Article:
Welcome! Ultralight backpacking is my passion, and keeping up on new technologies, gear, and techniques relevant to UL backpacking is what floats my boat. I'm always looking for the lightest, most functional gear to improve a lightweight or ultralight backpacking kit, and report my impressions and field testing results here. For hikers wanting to keep up on the latest and greatest ultralight backpacking gear, this is a good place to hang out. Also, there is a lot of information here (and on our informational website Southwest Ultralight Backpacking) on useful techniques and backcountry etiquette -- food for thought for hikers wanting to lighten their load and their impacts.

My goal for Ultralight Insights is to understand, test, and report on new technologies and gear of interest to lightweight and ultralight backpackers. It's a passion after all, so we just plain enjoy talking about it. I hope readers will add their own wisdom and comments, respond to my questions, ask their own questions, and correct me if I get something wrong. Happy hiking! Will

Sunday, August 18, 2013

GEAR REVIEW: Big Sky International Mirage 2P Tent

By Will Rietveld and Janet Reichl

The Mirage 2P is a 3-season free-standing single wall tent with the same dimensions as the double-wall Evolution 2P; it’s the Evolution 2P without a fly. The X-configuration poles are external and the tent body is attached with clips.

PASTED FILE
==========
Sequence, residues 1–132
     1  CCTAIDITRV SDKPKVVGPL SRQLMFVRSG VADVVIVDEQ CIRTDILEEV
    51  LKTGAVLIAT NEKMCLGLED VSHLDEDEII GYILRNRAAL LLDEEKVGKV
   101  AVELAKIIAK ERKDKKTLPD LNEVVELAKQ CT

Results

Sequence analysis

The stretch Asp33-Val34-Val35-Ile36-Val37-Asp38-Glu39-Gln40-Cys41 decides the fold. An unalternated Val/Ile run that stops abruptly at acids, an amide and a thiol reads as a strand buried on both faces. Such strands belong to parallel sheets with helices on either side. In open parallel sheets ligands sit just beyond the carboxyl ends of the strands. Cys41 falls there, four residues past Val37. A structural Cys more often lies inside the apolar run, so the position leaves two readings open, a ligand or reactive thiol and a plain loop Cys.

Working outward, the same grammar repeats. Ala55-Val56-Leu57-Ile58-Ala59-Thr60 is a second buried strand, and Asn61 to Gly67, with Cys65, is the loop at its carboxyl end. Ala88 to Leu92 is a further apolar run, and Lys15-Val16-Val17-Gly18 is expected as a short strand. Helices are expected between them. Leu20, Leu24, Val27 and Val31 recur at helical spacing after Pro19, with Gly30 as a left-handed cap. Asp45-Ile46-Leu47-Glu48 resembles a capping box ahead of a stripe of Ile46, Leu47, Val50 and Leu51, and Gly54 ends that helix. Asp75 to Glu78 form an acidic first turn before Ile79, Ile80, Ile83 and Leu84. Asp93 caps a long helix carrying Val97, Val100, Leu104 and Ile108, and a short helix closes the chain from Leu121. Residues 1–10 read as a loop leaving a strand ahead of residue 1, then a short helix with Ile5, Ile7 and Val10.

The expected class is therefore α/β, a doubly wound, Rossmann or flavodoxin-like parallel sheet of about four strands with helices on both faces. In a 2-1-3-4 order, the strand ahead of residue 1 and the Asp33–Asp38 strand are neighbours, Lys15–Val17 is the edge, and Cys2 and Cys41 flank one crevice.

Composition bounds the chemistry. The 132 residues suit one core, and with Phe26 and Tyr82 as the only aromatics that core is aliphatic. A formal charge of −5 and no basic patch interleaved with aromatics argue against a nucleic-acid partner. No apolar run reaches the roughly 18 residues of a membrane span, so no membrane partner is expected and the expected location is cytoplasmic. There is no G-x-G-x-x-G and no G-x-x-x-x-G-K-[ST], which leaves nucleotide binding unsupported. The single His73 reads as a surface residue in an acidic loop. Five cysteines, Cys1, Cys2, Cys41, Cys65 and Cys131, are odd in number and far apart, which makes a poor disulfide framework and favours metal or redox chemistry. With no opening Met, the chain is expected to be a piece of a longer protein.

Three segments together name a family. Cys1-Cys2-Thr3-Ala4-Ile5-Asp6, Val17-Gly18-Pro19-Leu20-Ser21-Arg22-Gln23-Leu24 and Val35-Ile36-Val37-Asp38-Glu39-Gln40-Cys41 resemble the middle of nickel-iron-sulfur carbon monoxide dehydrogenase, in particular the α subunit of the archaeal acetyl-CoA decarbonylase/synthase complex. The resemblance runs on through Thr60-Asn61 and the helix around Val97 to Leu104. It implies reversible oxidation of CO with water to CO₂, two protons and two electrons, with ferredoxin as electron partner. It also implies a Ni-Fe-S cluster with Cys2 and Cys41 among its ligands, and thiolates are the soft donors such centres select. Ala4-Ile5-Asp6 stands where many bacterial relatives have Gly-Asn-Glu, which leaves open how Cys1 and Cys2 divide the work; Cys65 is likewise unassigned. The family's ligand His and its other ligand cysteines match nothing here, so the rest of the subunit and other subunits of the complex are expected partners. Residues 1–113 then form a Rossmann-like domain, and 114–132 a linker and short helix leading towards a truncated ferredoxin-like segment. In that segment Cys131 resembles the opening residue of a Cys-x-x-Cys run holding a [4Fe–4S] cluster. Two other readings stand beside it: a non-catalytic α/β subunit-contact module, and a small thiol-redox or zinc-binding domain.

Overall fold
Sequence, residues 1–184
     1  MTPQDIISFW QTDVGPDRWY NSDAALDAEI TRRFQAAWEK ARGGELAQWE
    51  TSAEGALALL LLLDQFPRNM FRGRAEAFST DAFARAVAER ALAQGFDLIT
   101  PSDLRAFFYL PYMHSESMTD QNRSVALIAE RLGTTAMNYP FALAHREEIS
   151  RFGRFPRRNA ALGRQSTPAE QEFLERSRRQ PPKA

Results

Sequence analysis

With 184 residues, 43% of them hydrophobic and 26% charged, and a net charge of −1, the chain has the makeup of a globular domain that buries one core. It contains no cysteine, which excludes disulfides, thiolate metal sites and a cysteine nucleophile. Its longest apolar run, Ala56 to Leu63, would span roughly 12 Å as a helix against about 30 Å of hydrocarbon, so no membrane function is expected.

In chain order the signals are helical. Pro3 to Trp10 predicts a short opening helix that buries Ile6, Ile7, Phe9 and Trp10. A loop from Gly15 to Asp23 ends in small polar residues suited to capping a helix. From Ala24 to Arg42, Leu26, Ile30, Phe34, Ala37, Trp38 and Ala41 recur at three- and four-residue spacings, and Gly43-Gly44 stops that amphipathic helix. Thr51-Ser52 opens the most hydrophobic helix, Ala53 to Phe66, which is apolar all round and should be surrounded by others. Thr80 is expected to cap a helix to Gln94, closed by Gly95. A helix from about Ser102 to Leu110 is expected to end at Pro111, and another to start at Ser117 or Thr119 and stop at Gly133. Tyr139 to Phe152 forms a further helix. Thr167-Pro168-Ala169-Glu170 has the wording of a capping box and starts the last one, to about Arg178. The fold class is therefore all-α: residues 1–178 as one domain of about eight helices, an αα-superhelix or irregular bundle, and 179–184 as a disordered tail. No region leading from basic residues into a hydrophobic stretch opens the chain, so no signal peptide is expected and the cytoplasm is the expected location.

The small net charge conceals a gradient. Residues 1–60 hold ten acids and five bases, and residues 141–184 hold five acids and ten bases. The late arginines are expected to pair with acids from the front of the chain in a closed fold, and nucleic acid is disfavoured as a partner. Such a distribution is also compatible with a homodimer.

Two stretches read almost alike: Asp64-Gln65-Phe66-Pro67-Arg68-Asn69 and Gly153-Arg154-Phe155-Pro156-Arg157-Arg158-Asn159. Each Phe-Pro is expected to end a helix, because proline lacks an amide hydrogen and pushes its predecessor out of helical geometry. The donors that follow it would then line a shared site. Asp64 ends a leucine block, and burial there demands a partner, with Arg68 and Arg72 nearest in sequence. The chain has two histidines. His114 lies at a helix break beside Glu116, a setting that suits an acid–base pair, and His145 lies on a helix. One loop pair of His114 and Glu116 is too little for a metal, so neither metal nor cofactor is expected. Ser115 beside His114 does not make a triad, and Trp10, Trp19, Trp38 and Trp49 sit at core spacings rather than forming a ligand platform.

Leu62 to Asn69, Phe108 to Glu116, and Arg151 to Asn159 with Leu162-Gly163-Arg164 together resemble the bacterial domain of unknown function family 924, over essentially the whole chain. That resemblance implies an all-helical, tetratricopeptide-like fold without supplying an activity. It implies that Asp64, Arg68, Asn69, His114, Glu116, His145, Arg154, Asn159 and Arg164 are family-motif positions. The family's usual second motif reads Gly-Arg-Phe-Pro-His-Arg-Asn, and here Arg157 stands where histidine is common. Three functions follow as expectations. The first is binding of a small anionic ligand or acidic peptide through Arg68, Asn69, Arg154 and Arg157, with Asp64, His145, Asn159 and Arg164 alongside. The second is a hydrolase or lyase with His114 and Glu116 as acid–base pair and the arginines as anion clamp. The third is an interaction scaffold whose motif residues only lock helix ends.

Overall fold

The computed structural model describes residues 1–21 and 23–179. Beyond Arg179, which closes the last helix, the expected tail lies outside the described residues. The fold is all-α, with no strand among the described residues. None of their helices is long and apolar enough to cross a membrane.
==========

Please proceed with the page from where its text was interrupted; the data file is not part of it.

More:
The beauty of a single wall tent is its simplicity, lightweight, and fast setup. The downside is condensation, or is it really that big of an issue?

The Big Sky Mirage 2P is a single wall version of the popular Evolution 2P. It’s free-standing and has two side entry doors with vestibules.


Mirage 2P (Revision E)
Configuration Tested
SuprSil fabric, UL aluminum poles, clip attachment, 8 stakes in sack (2 tubular stakes for vestibules and 6 titanium shepherd hook stakes), storage compression sack, 4 guylines
2 pounds, 13.4 ounces (includes tent body, poles, 8 stakes in stuff sack, 4 guylines, compression storage sack
Floor Dimensions
91” long x 53/47” wide x 42” high. Area is 31.6 sq ft
Two side entry doors with vestibules, large mesh interior doors with 2-way zippers, 4 interior storage pockets, two closable top vents
MSRP as Tested
Other Options Tested
ShelterSaver groundsheet

Most Big Sky International tents are purchased ala carte, meaning that for each tent component (fly, poles, stakes, etc.) you have to choose from a list of options. As one would expect, the lightest options (such as UL fabric, composite poles, and titanium stakes) cost more to reduce tent weight. This is a really nice approach for knowledgeable buyers, because it allows them to purchase the exact configuration they want. Although the process can be a bit daunting for inexperienced buyers (more on that later), choosing the basic configuration still results in a very lightweight tent. Hopefully this review will help with those decisions.

The Mirage 2P is a free-standing single wall tent with two side entry doors with vestibules. Within each vestibule is a mesh wall with a 2-way zippered entry door and two mesh storage pockets (total of 4). Technically it’s a hybrid tent since the two sides are double wall (vestibule and mesh entry).